What is PEX Tubing?
PEX is an acronym for polyethylene crosslinked, or P-oly, E-thylene, X-Linked (PEX). It was originally invented and created in the 1950’s, but the product wasn’t truly perfected until the 1960’s, and is made to last for about 200 years! PEX was widely adopted by The Europeans during the early 70’s for their radiant floor heating or hydronic radiant floor heating, providing a great product history for durability and dependability, as the majority of the PEX installed in Europe is still being widely used today. It is not really known why America is just starting to widely adopt the usage of PEX for hydronic and plumbing needs in residential, commercial and even industrial needs, as it has been around since the 1980’s. But it is believed the wide adoption is because, there are so many advantages of PEX over copper, like replacing copper with PEX, and other antiquated plumbing products, as PEX is flexible, resists corrosion and offers potential freeze-damage potential, just to name a few advantages. Along, with why we exist here at Ambient Floor Heat is because of the increasing demand and want for radiant heating systems throughout the United States. That is why this article will explain the following:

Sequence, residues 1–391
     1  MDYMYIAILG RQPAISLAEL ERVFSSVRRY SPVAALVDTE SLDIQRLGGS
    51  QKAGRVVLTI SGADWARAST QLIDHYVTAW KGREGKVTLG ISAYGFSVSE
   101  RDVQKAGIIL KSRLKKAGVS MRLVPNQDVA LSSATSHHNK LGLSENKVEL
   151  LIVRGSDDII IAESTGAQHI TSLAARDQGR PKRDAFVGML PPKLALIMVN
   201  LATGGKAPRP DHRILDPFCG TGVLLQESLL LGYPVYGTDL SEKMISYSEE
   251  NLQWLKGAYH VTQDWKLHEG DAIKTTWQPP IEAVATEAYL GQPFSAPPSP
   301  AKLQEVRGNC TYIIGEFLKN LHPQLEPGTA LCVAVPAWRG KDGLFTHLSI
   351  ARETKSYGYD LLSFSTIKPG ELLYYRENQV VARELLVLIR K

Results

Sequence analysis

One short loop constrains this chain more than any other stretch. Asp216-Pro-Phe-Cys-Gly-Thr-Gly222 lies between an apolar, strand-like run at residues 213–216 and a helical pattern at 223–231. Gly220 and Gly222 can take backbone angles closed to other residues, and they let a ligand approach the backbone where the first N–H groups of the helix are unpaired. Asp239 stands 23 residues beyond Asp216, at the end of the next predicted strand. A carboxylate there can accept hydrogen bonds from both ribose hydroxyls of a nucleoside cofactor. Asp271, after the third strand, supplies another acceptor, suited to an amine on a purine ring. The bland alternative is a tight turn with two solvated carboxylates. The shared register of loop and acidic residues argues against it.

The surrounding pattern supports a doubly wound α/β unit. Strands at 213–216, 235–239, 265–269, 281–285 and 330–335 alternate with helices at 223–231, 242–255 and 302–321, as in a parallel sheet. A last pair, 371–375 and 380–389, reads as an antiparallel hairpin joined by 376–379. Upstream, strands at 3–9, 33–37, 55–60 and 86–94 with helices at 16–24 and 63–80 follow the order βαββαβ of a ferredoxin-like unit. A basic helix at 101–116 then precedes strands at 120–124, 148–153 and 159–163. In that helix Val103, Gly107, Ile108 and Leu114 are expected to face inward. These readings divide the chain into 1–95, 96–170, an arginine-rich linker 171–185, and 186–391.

- The difference between PEX Piping and PEX Tubing; with their references to PEX Plumbing.
- The different types of PEX: (PEX-A, PEX-B, and PEX-C)
- The advantages of PEX versus traditional plumbing products.
What’s the Difference?